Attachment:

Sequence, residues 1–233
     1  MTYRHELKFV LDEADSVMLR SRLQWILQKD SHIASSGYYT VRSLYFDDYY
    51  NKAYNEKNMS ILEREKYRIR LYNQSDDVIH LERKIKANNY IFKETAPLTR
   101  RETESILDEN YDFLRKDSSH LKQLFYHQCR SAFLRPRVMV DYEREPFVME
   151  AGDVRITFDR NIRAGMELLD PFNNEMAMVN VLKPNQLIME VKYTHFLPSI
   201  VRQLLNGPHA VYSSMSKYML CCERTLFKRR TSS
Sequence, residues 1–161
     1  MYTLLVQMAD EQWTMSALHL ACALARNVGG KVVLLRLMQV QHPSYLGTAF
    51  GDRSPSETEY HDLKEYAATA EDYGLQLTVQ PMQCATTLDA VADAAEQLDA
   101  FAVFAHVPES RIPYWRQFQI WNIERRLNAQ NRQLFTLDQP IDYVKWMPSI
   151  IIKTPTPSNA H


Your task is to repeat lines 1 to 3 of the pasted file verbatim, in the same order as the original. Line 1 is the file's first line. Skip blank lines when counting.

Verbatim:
Sequence, residues 1–233
     1  MTYRHELKFV LDEADSVMLR SRLQWILQKD SHIASSGYYT VRSLYFDDYY
    51  NKAYNEKNMS ILEREKYRIR LYNQSDDVIH LERKIKANNY IFKETAPLTR